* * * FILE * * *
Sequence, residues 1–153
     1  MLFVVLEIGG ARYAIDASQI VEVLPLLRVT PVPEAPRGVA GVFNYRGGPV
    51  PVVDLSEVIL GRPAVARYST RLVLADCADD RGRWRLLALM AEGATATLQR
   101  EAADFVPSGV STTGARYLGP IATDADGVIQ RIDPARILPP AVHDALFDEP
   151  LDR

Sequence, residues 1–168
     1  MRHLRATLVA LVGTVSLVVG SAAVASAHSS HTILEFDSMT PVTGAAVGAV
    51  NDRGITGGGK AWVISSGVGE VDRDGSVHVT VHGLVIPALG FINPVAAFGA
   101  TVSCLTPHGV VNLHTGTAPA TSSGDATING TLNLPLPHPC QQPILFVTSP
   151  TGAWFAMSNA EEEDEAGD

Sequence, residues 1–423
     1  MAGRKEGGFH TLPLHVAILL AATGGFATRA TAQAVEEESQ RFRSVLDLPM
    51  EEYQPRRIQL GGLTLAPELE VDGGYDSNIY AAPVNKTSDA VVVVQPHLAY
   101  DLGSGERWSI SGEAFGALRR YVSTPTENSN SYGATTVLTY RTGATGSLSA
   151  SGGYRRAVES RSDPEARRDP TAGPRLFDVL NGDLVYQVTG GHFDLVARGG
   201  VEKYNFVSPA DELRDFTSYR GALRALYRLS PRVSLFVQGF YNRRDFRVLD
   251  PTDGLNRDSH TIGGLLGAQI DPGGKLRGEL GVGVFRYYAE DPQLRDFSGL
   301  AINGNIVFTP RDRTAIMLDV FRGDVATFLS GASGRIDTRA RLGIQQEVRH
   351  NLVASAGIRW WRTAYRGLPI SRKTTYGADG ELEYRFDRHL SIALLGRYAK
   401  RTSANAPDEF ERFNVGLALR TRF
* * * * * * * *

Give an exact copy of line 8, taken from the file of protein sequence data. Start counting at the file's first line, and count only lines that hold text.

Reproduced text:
    51  NDRGITGGGK AWVISSGVGE VDRDGSVHVT VHGLVIPALG FINPVAAFGA